A Catalogue of the Ashmolean Museum: Descriptive of the Zoological Specimens, Antiquities, Coins and Miscelleaneous Curiosities

Front Cover
S. Collingwood., 1836 - Antiquities - 188 pages
0 Reviews
 

What people are saying - Write a review

We haven't found any reviews in the usual places.

Other editions - View all

Common terms and phrases

Popular passages

Page vii - As by their choice collections may appear, Of what is rare, in land, in sea, in air ; Whilst they (as Homer's Iliad in a nut) A world of wonders in one closet shut : These famous Antiquarians, that had been Both gardeners to the Rose and...
Page 1 - Theology ; to induce a mental habit of associating the view of natural phenomena with the conviction that they are the media of Divine manifestation ; and, by such association, to give proper dignity to every branch of natural science.
Page vii - As by their choice collections may appear Of what is rare in Land, in Sea, in Air, Whilst they (as Homer's Iliad in a nut) A world of wonders in one closet shut. These famous Antiquarians that had been Both gardeners to the Rose and Lily Queen...
Page 94 - ... skeleton, giving form and protection to the entire fabric. The material of which the fleshy portion is composed is of so tender and gelatinous a nature that the slightest pressure is sufficient to tear it asunder, and allow the fluid parts to escape ; and the whole soon melts away into a thin oily liquid. When examined with the microscope, the soft flesh is seen to contain a great number of minute grains, disseminated through a transparent jelly. Every part of the surface of a living sponge (as...
Page viii - Happily, at this time, a taste for the study of natural history had been excited in the University by Dr. Paley's very interesting work on natural theology, and the very popular lectures of Dr. Kidd on comparative anatomy, and Dr. Buckland on geology. * Availing himself of this spirit, the curator induced the trustees to sanction a general repair of the Museum. Their wish was seconded by the liberality of the vice-chancellor and convocation. " When the room had been cleansed, repaired, and put in...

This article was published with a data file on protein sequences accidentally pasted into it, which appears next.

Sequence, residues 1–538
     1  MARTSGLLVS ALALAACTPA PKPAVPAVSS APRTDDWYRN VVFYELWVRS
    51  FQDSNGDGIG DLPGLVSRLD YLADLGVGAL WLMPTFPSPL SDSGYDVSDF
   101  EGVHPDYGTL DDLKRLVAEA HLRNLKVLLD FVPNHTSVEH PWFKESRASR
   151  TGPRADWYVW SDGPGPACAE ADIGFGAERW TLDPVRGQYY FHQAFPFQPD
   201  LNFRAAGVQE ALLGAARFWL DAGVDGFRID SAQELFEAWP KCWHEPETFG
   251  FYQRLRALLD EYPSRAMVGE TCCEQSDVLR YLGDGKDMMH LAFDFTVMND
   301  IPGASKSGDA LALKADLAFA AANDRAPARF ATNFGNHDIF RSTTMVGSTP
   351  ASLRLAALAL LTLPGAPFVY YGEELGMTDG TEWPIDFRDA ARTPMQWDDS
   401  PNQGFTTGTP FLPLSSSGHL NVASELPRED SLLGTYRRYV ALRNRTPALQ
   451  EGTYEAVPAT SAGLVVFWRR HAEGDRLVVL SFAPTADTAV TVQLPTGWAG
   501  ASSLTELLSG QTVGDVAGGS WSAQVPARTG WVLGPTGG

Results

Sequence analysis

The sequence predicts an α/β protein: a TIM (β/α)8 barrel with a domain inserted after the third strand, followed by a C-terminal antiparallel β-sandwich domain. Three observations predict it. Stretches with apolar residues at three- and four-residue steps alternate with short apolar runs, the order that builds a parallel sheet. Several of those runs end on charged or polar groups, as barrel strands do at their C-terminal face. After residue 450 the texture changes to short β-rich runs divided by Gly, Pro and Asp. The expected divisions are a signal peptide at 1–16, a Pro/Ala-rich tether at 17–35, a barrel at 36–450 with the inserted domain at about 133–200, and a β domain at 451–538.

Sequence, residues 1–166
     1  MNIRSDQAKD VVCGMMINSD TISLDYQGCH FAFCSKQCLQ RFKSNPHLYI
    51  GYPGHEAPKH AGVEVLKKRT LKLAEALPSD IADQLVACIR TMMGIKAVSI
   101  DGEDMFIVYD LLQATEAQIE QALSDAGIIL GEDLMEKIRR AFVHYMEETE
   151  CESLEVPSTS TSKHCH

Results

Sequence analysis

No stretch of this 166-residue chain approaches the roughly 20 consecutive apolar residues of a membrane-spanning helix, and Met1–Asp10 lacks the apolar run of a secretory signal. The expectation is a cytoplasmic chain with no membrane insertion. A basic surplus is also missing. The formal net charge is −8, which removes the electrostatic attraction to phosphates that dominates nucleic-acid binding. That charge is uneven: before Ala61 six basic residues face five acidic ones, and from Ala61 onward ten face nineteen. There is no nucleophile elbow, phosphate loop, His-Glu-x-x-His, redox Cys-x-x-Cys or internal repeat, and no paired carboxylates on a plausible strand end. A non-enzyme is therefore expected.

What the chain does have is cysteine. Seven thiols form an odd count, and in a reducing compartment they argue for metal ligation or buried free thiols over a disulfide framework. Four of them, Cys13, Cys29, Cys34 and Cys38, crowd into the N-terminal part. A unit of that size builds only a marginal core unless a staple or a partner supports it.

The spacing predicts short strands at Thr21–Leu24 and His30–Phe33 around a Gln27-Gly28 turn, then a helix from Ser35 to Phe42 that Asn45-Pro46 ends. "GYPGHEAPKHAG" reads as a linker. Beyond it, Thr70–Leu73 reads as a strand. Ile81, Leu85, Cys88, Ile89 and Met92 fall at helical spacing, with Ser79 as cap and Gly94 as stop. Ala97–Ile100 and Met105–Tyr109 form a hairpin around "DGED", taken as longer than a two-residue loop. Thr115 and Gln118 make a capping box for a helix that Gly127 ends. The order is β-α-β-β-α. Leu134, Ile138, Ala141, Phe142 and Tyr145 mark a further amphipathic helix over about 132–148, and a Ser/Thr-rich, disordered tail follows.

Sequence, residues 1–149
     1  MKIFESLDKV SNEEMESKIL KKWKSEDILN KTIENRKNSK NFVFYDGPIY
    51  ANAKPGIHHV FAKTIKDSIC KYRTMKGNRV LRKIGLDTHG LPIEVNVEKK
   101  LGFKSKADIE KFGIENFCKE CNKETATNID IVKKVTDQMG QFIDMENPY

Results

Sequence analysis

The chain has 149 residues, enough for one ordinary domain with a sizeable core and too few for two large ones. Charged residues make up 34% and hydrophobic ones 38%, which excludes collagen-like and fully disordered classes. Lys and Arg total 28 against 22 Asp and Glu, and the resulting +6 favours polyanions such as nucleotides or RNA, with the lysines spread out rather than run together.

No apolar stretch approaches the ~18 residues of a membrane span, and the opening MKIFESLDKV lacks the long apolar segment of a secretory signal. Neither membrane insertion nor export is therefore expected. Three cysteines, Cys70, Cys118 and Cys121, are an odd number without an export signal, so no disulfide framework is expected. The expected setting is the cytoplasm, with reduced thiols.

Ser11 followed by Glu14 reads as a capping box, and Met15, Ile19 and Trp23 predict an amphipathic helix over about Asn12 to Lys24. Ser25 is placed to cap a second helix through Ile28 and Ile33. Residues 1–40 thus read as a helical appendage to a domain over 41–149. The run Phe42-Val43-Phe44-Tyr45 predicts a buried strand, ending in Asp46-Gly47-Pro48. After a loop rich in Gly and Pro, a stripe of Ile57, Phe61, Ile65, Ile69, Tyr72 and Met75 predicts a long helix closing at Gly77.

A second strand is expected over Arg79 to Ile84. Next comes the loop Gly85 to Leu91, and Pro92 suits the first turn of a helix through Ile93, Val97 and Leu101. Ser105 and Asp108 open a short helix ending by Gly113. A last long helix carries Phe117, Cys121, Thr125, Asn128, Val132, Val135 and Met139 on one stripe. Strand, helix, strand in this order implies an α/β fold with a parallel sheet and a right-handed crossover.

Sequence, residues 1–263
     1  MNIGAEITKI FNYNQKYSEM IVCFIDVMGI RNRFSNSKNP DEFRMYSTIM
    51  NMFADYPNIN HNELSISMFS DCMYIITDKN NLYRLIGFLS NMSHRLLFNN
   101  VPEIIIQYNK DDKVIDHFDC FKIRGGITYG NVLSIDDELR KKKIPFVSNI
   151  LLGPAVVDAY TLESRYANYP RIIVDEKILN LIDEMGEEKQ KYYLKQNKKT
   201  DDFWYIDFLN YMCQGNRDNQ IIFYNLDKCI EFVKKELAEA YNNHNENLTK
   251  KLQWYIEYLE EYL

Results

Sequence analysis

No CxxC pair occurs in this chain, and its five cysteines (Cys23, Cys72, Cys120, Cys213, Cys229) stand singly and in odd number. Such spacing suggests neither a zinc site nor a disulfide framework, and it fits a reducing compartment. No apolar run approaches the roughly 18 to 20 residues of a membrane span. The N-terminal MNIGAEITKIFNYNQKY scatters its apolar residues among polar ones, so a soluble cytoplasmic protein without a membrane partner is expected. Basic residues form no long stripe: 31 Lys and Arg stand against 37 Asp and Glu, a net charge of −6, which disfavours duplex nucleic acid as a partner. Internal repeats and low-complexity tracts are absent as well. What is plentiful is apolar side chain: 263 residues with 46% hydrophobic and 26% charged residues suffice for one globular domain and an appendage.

Page 139 - ... probably (says Dr Musgrave) a dolphin, or perhaps a griffin, the national emblem of the Saxons, having in its mouth a small tube, traversed by a strong rivet, to which a chain was doubtlessly attached ; on the reverse of the gem, the lower jaw is wanting, and its place is supplied by a scaly flat surface. As to the use to which this piece of jewelry was appropriated, opinion has been divided. Dr Hickes, Dr Musgrave, and the late Mr Whitaker, imagined that it must have been worn on the breast...
Page 141 - ... gigantic stature lay buried, and that over his breast and back were plates of pure gold, and on his fingers rings of gold so large, that an ordinary man might creep through them.
Page viii - Happily at this time [1824] a taste for the study of natural history had been excited in the University by Dr Paley's very interesting work on Natural Theology, and the very popular lectures of Dr Kidd on Comparative Anatomy, and Dr Buckland on Geology." In the arrangement of the contents of the Museum the illustration of Paley's work was given the foremost place by JS Duncan : " The first division proposes to familiarize the eye to those relations of all natural objects which form the basis of argument...
Page iv - Museum was suggested by the will of Sir Hans Sloane, who, during a long period of eminent practice in physic, had accumulated, in addition to a...
Page 17 - Lin.); distinguished by their crooked beak and claws, by means of which they are enabled to overcome and prey upon other birds, and even the weaker quadrupeds. They hold the same rank among birds as the carnivora among quadrupeds. They all have four toes, and the nails of the great and middle toes are the strongest They form two families, the DIURNAL and NOCTURNAL : the first having nostrils inserted in a naked cere, three toes before and one behind, without feathers ; eyes directed sideways: the...

Bibliographic information